Tourism Tuesdays July 11, 2017

The Park at OWA opens July 21

National Monument designation offers economic benefits for Birmingham

Birmingham embracing its past and present to shape the future

‘American Idol’ auditions to bring thousands of musicians, national focus to Shoals

Local restaurants encouraged to sign-up for Alabama Restaurant Week

USA TODAY profiles the Shoals in article on Southern towns with real character

Travel Weekly- UK features Muscle Shoals Sound Studio as one of the eight best music experiences in the U.S.

Orlando magazine profiles Fairhope

Attacks on state tourism promotion don’t add up

Arts and culture produce $89.9 million in economy activity in Huntsville/Madison County

Alabama Shakespeare Festival names new artistic director

John Travolta coming to Hueytown to film movie

Alabama to recognize “Bicentennial Farms”

Alabama Historical Commission announces 2018 capital enhancements grant program

Kelly Fitzpatrick Memorial Gallery issues a call for entries for “Originally from Alabama” exhibit

Poarch Creek mourns sudden loss of Robert Thrower- Tribal Historic Preservation Officer

Alabama Makers Market is July 27 in Montgomery

Southern Makers event is Aug. 12-13 in Birmingham

Alabama Governor’s Conference on Tourism is Aug. 19-22 in Birmingham

“Partner Pointer” for the tourism industry website


The Park at OWA opens July 21
From the article by Hanno van der Bijlin the Birmingham Business Journal:

Alabama’s newest amusement park has set its opening date.

The Park at OWA in Foley is scheduled to open its doors at 10 a.m. on July 21.

The 21-ride, themed amusement park includes a roller coaster called Rollin’ Thunder, along with midway games, fast-food options, and the Parkside Gift Shop.

OWA is the result of a partnership between the City of Foley and the Poarch Band of Creek Indians, the owner and developer of the destination.

“Our Tribe is excited to offer a family destination near Alabama’s beautiful beaches that will create memories this summer and for years to come,” said Poarch Creek Indians Tribal Chair and CEO, Stephanie A. Bryan. “We are also proud that OWA is positively impacting families living in Foley and the surrounding region through the job creation generated by this development.”

Tickets will be available for purchase beginning July 18 at Retail and dining tenants will include: Wahlburgers, Sunglass World, Fairhope Soap Company, Alvin’s Island, Hershey’s Ice Cream Shop, and Utopia. These tenants and others will open in phases starting in early September.

For the complete article please see

National Monument designation offers economic benefits for Birmingham
From the article by Brent Leggs on

The creation of the Birmingham Civil Rights National Monument earlier this year was a powerful moment for the city and a step forward in bringing Birmingham’s nationally significant civil rights legacy to more people. But this new status wasn’t just good news for boosters of the city’s rich history.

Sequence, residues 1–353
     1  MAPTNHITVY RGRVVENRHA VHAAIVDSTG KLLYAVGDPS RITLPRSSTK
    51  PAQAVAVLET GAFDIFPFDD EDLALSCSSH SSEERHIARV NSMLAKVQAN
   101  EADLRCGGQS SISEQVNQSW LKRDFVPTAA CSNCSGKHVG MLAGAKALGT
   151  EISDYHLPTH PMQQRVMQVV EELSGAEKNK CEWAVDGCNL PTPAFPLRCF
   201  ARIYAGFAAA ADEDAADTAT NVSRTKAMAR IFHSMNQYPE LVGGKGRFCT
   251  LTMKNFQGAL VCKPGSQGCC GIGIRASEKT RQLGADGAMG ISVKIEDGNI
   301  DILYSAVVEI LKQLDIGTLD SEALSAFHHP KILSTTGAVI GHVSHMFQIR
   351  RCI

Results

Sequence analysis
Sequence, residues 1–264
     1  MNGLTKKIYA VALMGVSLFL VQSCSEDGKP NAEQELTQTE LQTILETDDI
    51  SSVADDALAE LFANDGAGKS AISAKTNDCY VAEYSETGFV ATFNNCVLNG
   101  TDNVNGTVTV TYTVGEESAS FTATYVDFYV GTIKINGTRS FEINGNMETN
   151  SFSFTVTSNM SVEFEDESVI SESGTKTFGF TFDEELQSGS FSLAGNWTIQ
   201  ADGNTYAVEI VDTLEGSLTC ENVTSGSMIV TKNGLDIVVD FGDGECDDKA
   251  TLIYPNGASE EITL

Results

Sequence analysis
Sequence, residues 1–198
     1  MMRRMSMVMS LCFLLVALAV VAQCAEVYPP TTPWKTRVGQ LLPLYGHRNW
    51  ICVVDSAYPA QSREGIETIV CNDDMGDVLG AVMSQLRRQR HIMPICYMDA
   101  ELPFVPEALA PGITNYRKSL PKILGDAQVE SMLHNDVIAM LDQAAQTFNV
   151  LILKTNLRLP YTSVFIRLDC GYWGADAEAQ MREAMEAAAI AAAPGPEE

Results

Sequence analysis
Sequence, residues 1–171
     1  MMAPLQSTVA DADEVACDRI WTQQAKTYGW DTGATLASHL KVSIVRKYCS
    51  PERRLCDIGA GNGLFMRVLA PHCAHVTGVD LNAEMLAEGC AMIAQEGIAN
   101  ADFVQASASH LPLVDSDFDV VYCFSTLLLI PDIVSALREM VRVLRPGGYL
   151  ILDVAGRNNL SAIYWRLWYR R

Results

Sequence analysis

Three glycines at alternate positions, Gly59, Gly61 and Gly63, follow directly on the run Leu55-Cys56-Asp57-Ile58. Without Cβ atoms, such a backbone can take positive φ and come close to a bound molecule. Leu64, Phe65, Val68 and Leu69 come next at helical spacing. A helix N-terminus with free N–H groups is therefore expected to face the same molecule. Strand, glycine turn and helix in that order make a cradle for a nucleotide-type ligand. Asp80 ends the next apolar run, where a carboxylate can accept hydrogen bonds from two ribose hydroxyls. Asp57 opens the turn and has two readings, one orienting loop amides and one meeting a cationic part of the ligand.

As we have seen in preservation projects all over the country, the creation of a national monument offers an important mechanism for local economic development and revitalization. While the plans for renewing one of the area’s most historically significant neighborhoods continue to take shape, we know from experience that anticipated and unforeseen benefits will follow.

Already, the neighborhood surrounding Kelly Ingram Park is experiencing momentum. The comprehensive planning underway and Birmingham Mayor William Bell’s vision for the revitalization is designed to build on this progress. Together, the City of Birmingham, the National Trust for Historic Preservation, and the National Park Service are laying the groundwork for a path to rehabilitating the historic A.G. Gaston Motel.

Based on experience, we expect this will help spur investment and redevelopment of other nearby community sites, such as the Masonic Temple and Gaston office building across from the motel. From there, the positive benefits of revitalization will continue to radiate outward, bringing more dollars, visitors, and economic activity to more of downtown Birmingham.

We know this because we have seen it happen, all across America. Last year, according to the National Park Service, the National Park System set a new record with 331 million visits.  These visitors spent an estimated $18.4 billion in communities where national parks, monuments and memorials are based or are within 60 miles. They also helped create 318,000 jobs, $12.0 billion in labor income and $34.9 billion in economic output.

Local hotels, bars, and restaurants all saw huge gains, and contributed billions in economic activity to their communities, thanks to having nearby historic attractions on hand.

Here in Birmingham, the historic sites within the monument boundaries already draw thousands of visitors who want to learn about the Magic City’s rich civil rights history. Federal investment in the interpretation, maintenance and preservation will be a long-term benefit to local tourism.